Jordan Brand has gone out of its way to make the other colorways feel special. It brought back the “Black Cement” and “White Cement” Air Jordan 4s in 1999 when it retroed the model for the first time. There was a white and blue 4 that was released that year, too, but it was the “Columbia” pair, which is substantially different from the Military Blues.

The “Military Blue” 4 wouldn’t see its first retro release until 2006. That era was much different than sneaker culture is now. This was the peak of forums like NikeTalk. There was a fervent audience for sneakers that had a connection to a bygone era. Many were collectors who were nostalgic for the sneakers and remembered them from the late ‘80s and early ‘90s. There was also a new crop of sneakerheads that were bit by the bug through the sneaker and streetwear renaissance of the 2000s, which saw retro sneakers, all-over-print hoodies, and vintage sportswear become the craze.

This confluence of generations served as the perfect storm for the “Military Blue” to have an impact upon its re-release. The old heads wanted it because they either had it back in the day and wanted a new pair, or they were chasing down the sneaker they never got to own. The younger generation wanted the shoes because the seniors in the scene let them know it was important through conversations they had on the forums. And no one called it gatekeeping back then. Funny, huh?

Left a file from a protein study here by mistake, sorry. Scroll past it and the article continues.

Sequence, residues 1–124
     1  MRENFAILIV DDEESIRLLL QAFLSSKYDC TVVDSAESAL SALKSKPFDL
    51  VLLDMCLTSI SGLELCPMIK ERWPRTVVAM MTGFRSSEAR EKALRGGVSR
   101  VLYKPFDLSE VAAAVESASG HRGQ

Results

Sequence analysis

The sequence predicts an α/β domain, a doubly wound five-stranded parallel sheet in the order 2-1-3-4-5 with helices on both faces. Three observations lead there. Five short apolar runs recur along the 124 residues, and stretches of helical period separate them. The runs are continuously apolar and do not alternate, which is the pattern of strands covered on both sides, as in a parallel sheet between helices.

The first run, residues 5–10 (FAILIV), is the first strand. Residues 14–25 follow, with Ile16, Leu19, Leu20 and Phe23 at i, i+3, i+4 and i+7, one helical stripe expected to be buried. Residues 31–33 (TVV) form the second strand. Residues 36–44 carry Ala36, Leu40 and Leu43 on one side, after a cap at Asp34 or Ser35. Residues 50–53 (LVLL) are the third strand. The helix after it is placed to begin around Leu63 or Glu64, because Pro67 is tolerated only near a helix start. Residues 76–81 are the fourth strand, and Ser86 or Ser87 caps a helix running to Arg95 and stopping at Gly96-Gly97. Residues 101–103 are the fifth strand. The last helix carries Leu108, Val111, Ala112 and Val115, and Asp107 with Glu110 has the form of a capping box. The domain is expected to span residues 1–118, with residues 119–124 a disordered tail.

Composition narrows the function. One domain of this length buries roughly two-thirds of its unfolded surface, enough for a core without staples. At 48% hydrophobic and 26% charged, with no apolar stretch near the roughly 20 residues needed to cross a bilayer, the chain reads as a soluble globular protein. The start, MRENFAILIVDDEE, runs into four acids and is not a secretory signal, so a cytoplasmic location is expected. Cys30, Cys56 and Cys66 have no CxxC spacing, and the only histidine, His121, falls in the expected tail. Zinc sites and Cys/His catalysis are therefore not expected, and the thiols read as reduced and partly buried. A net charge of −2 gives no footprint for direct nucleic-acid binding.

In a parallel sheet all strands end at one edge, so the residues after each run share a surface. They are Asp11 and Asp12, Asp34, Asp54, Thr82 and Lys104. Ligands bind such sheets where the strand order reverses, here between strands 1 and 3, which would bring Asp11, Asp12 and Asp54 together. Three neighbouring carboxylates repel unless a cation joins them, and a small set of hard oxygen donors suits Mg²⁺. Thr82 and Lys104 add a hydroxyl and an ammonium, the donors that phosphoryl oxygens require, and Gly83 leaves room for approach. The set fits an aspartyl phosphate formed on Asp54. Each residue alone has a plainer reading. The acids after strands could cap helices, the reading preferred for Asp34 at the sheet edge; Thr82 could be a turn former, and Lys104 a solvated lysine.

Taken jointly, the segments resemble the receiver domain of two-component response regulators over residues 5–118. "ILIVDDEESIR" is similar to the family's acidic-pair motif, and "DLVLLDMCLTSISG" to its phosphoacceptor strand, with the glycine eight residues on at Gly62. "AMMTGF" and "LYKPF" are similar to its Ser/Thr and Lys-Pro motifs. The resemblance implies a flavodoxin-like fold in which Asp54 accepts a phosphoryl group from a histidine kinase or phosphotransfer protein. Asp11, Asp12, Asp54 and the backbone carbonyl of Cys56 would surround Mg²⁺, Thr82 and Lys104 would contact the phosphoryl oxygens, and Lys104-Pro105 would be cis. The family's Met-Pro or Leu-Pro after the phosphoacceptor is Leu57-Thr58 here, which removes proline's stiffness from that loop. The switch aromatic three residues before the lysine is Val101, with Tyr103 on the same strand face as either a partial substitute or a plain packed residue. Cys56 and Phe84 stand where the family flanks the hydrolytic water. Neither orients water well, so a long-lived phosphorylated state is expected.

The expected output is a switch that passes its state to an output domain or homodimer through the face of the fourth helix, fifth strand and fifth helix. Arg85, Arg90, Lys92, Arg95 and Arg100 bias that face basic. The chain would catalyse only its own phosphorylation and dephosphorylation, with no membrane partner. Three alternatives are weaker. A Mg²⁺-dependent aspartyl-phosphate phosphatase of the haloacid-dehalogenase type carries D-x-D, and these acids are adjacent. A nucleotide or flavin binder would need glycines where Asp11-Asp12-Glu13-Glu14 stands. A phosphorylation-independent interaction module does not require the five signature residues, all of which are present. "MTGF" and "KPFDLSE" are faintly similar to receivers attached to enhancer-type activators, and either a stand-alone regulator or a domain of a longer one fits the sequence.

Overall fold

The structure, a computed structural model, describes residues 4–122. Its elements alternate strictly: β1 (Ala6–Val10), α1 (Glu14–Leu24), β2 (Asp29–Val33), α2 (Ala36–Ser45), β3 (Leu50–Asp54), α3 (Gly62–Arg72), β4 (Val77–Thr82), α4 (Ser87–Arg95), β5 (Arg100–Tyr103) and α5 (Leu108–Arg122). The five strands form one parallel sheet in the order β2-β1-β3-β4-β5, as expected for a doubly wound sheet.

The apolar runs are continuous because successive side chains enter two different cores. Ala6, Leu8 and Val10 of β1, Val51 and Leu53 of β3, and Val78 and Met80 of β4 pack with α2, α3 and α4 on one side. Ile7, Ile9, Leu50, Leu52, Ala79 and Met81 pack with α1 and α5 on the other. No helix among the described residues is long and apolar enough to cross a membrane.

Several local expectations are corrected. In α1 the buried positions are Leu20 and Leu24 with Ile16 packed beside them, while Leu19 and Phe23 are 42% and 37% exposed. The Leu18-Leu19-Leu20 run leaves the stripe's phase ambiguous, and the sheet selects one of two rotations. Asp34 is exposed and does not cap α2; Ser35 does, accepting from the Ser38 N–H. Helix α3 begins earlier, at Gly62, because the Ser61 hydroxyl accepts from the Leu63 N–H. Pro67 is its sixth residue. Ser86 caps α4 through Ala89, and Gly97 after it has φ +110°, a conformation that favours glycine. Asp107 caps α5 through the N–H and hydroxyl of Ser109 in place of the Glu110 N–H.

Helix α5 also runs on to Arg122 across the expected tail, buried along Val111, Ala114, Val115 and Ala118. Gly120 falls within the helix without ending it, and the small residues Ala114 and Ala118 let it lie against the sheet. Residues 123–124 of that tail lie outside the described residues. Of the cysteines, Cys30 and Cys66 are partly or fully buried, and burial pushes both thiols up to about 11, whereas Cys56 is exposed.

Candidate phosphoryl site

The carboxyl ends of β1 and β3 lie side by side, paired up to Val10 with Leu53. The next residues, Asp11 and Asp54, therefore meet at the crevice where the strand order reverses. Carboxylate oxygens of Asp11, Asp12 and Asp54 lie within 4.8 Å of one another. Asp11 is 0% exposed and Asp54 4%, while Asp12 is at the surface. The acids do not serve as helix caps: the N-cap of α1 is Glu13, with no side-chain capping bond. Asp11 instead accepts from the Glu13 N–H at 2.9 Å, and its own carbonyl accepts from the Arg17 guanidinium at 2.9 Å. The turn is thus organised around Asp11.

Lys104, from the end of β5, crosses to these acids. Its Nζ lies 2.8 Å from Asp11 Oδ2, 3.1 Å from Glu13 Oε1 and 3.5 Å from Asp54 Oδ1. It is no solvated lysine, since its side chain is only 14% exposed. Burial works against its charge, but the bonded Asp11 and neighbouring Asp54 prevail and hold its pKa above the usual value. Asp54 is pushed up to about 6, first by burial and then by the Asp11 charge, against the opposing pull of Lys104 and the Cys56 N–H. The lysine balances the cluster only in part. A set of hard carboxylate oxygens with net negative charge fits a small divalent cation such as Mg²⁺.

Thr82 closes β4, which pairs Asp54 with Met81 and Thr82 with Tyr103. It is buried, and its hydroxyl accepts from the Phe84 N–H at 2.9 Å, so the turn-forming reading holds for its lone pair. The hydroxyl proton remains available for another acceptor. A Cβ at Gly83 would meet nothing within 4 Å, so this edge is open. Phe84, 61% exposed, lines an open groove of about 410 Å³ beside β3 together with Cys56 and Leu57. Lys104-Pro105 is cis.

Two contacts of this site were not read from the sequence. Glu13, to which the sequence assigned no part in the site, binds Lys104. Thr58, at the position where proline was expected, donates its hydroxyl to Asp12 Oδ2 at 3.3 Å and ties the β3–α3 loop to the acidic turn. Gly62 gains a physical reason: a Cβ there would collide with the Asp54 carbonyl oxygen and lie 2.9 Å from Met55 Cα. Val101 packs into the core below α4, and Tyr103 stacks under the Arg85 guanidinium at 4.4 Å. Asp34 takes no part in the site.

I remember seeing the shoes everywhere online. It felt like a big release, although people say they saw the sneakers eventually go on sale in some cities. There also wasn’t a huge resale culture, where people would buy up large quantities of the sneakers in hopes of flipping them online, back then. The most you would see is someone get two or three pairs and maybe unload one of them.

Common sense would indicate that if it took 27 years for a sneaker to be re-released for the first time, then it would take quite some time for it to see the day of light again. That wasn’t the case.

Six years later, sneaker collecting hit a new level. Nike Basketball got hot. LeBron, Kobe, and KD all had a run of signature shoes that turned the average hooper into a collector and permeated high school hallways and the closets of sneaker hoarders.